Monday, March 11, 2013

Reflections on organizing and what I wrote for the celebration of the workers victory over Saigon Grill

Today in Phoenix, the weather feels Biblical...cold swirling winds and torrential rain turning into pelting hail...
Meanwhile, back in New York City, there is snow. And gathered in front of the Saigon Grill, the Sweatshop Free people and National Movement Against Sweat Shop people and Justice Will Be Served have gathered to celebrate a victory. The court ruled in favor of the workers over against Saigon Grill. One million dollars in back wages and penalties. Over two years of picketing, organizing campaign and coalition building have resulted in a victory. Notice has been served that workers, documented or not, must be treated justly. All we ever demanded was that the Fair Labor Law be obeyed. 
I wish I were there. I remember passing the pickets on a daily basis, greeting them, encouraging them. In every kind of weather. Until that cold Christmas Eve when  I walked by with my son Micah, the workers in Santa Claus hats. Micah stopped and spoke with them and asked me, so why don’t you join them? and a new relationship began.
Speaking at rallies in every season. Reaching out to clergy colleagues. Drawing in the Religion Labor Coalition and Rabbi Michael. Bringing in Teddy and #OWS. Hosting the neighborhood canvassing efforts from West-Park. Meeting with foundations. Celebrating smaller victories. And now, finally, this part of the struggle has come to fruition. 
So I send my friends a statement. To be read at the rally.Here is my message:

Brothers and Sisters....

I regret that I cannot be with you in person today as we celebrate the long and
hard fought victory over Saigon Grill. Know that I am here with you in
spirit. The celebration today is well deserved.  Through long years,
you have fought this battle in the streets, on the picket line and in the
courthouse. You have walked this line through every season of the year
and in every kind of weather. You have rallied in  sunshine and in
cold pouring rain. You have created a community of solidarity and
support that includes workers documented and those without papers, union
workers, the faith community, neighbors, politicians and small
business owners. You have been fearless and tireless and been a beacon
to all vulnerable workers in our community that standing up for one's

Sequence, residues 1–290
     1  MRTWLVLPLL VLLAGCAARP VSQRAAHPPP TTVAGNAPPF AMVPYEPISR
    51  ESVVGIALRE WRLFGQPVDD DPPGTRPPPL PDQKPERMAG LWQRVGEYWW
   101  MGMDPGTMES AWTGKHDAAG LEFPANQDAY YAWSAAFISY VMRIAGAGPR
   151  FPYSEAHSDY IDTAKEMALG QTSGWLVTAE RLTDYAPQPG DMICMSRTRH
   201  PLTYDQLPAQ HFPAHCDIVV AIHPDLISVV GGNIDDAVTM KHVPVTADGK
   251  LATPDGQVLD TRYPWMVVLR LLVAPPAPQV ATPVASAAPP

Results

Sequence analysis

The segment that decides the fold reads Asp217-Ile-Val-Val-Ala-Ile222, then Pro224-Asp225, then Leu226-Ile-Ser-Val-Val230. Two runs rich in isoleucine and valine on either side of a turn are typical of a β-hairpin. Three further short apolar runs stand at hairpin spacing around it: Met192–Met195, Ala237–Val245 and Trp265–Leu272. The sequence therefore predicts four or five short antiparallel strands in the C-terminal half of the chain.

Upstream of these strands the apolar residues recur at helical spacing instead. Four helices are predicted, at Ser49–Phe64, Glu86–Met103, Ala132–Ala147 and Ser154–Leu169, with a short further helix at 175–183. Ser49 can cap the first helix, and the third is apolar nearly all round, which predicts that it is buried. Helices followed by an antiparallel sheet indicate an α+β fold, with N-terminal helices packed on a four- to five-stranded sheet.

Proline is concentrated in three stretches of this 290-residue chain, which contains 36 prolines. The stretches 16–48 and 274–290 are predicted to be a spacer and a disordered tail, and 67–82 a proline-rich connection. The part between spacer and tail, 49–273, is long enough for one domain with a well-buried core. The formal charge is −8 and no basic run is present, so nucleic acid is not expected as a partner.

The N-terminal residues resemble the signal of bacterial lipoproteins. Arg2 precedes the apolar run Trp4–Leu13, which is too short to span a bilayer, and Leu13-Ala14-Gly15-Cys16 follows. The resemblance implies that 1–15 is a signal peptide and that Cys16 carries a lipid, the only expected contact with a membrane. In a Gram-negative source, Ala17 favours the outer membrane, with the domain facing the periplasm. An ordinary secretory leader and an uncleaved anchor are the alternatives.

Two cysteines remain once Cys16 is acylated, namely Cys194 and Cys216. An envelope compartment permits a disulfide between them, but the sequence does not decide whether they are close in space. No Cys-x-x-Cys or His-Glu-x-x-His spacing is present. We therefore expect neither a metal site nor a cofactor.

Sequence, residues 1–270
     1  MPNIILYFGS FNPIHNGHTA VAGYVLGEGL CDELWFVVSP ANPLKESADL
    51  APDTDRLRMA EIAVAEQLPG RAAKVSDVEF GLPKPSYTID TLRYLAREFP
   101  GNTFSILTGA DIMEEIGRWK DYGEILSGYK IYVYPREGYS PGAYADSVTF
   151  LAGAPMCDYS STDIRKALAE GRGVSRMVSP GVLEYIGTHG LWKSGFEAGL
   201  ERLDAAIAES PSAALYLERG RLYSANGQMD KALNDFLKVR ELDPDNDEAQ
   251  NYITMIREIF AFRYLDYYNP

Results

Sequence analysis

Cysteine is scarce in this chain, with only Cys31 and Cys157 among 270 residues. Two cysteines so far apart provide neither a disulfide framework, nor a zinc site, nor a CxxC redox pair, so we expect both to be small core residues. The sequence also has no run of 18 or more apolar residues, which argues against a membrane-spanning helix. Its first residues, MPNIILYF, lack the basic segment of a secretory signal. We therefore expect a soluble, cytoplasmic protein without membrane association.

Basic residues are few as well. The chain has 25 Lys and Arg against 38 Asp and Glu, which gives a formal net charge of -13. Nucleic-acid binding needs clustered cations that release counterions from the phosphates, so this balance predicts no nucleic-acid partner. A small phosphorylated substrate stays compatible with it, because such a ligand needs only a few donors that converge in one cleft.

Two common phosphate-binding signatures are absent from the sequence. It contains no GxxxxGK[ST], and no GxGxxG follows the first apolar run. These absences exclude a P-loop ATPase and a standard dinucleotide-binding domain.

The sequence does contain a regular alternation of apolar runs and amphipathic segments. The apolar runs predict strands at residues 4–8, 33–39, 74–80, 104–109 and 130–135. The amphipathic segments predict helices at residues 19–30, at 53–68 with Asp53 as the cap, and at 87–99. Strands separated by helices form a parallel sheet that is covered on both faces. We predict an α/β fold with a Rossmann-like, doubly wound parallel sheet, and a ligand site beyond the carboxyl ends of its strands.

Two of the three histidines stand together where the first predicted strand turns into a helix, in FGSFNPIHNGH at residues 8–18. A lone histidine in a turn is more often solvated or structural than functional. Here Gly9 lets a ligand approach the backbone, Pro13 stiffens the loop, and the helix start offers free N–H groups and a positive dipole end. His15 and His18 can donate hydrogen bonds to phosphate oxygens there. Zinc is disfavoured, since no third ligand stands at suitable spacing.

rights defeats fear and that the workers united will never be
defeated. You have brought us a step closer to making real the vision
of ONE sweatshop free neighborhood in one community that can be a
model for ALL the neighborhoods of this city. Today we can not only say that justice
WILL be served but that justice HAS been served. This victory is a
signal that we will not rest until all workers have won the  fair
wages they deserve and will be treated with the the dignity that is the
God given right of all people. Let us celebrate this victory today and
then continue the struggle....until the victory that will surely

With thanks, commitment and solidarity
The Rev. Dr. Bob Brashear
West-Park Presbyterian Church

Even from Phoenix, the victory feels good. 

I do an afternoon workshop with my colleague John on Community Organizing. And our PHEWA grassroots model. The Sweatshop Free story and the Occupy Sandy story are great examples to share. 

Issue organizing says everyone in favor of this issue follow me.
Movements have one cause, a law, a war to end, one goal to achieve. No long lasting life. 
Ideology says we’ve got the right analysis, if everyone agreed, things would be OK. 
Charity, programs do for.
Liberal advocacy speaks for. 
The golden rule of community organizing is never do for anyone what they can do for themselves.  We are not to be voices for the voiceless. (Though we may be ears for the earless..) We work to help others to find their own voice and speak for themselves, becoming in Freire’s terms, the subjects of their own history. Strong organizations, built on solid public relationships, are built to last, to shift and change as circumstances change through constant listening. In PHEWA, our advocacy grows out of the daily doing of ministry. And that makes all the difference.

It’s always frustrating to me that I know this so well, teach it so well, and have had such a difficult time doing it in my own church. Part of that is the tension between roles of leader and organizer. You can’t be both at the same time. Like being a Presbyterian minister where your job with your Session (IE, board) is that of Moderator. On the one hand, you are expected to lead. On the other, if you go too far ahead, you are reminded that it is the Session who is really in charge. I am a Teaching Elder. They are the Ruling Elders.

In short, as my mentor, Philip once taught me, leaders are people who have followers. Organizers find leaders and build strong organizations. It’s that simple. 

One last chance. Have to try one more time. 

The storm continues. The power has gone off. To get to the restroom, you must pass through the courtyard. As people go out and return, it's now Shakespearean.  Returning,  the storm raging outside, it's like the climactic scene of King Lear. 

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